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Relation between coefficients and zeros of a quadratic polynomial

  1. May 20, 2012 #1
    1. The problem statement, all variables and given/known data

    For any quadratic polynomial ax2+bx+c having zeros β and α
    Prove that β + α = -b/a and αβ = c/a.

    2. Relevant equations



    3. The attempt at a solution

    I have found a method myself to prove α+ β = -b/a. However, I could not prove αβ = c/a.

    It goes like this.

    If α and β are the zeros of the given polynomial.

    a(α)2+b(α) + c = 0 .................... (i)

    Also,

    a(β)2+b(β) + c = 0 ....................(ii)

    Comparing (i) and (ii)

    a(α)2+b(α) + c = a(β)2+b(β) + c

    => aα2-aβ2 = bβ - bα
    =>a(α22) = -b(α-β)
    =>α22/α-β = -b/a
    => α+β = -b/a

    Please help me prove αβ = c/a using the same method.
     
    Last edited: May 20, 2012
  2. jcsd
  3. May 20, 2012 #2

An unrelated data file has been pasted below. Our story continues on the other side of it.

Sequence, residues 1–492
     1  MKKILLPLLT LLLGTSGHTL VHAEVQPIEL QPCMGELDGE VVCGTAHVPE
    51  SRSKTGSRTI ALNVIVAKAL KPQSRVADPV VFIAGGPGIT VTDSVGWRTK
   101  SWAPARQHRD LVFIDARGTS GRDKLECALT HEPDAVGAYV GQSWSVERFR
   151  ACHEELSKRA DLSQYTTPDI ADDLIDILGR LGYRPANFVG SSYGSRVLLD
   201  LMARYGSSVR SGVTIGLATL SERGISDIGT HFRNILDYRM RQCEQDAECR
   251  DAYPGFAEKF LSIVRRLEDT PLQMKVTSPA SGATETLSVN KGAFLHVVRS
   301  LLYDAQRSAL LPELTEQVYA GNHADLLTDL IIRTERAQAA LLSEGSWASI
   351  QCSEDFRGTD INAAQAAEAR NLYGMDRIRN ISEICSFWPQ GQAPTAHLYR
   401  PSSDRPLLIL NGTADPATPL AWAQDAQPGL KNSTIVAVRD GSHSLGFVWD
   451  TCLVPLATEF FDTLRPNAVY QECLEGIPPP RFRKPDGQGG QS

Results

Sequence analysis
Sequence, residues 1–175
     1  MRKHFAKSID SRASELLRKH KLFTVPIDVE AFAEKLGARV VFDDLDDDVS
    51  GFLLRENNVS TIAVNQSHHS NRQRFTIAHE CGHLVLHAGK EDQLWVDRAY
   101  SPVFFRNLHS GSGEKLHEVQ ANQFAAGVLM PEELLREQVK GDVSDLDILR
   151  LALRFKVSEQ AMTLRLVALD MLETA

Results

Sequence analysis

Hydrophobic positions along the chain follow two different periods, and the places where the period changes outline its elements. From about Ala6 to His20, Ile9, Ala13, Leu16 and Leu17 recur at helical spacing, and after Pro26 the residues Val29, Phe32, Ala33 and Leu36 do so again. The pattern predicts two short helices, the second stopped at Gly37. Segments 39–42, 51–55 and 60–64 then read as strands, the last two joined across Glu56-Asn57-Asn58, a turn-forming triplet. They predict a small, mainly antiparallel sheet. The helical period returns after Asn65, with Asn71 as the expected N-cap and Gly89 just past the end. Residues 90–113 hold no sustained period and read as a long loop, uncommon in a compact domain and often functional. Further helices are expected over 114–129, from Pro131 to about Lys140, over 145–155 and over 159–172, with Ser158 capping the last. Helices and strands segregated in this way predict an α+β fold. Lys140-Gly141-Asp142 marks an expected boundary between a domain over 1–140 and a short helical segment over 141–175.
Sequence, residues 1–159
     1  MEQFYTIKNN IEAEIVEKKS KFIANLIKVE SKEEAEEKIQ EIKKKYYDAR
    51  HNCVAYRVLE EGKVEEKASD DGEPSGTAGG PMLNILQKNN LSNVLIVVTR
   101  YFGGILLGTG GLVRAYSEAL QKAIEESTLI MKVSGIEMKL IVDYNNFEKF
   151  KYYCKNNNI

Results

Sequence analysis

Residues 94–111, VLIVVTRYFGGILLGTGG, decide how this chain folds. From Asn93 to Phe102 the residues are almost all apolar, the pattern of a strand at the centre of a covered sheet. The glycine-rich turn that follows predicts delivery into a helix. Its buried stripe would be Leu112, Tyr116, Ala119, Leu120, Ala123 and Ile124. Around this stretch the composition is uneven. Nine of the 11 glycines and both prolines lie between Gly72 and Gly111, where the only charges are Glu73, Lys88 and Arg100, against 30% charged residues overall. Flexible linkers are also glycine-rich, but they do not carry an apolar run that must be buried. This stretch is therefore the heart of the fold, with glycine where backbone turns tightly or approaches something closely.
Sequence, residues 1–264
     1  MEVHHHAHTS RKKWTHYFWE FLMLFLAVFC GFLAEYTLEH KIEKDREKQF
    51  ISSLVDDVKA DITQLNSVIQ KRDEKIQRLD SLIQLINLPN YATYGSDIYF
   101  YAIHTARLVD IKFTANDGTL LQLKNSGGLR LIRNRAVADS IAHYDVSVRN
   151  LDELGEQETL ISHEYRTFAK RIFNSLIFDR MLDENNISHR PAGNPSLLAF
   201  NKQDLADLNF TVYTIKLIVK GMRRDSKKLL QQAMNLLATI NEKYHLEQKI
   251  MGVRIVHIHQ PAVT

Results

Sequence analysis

SammyS

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    Use the quadratic formula for the two zeros of the quadratic polynomial.
     
  4. May 20, 2012 #3

    Hurkyl

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    Do you have reason to think the same method will work?

    It would be easier to just write down the factorization of the polynomial, I think.
     
  5. May 20, 2012 #4

    NascentOxygen

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    Given: aα²+bα + c = 0 .................... (i)
    it factorizes: aα(α + b/a) + c = 0

    Substitute for the bold α.
     
  6. May 20, 2012 #5
    Thank you very very very very much. I can't explain how happy I am to get the answer. Thanks again.
     
  7. May 20, 2012 #6

    SammyS

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    Yes, that's correct supposing that physics kiddy knows:
    If α and β are the solutions to [itex]\text{a}x^2+bx+c=0\,,[/itex] then [itex]\text{a}x^2+bx+c=\text{a}(x-\alpha)(x-\beta)\ .[/itex]​

    Of course, I agree that is a very handy thing to know!
     
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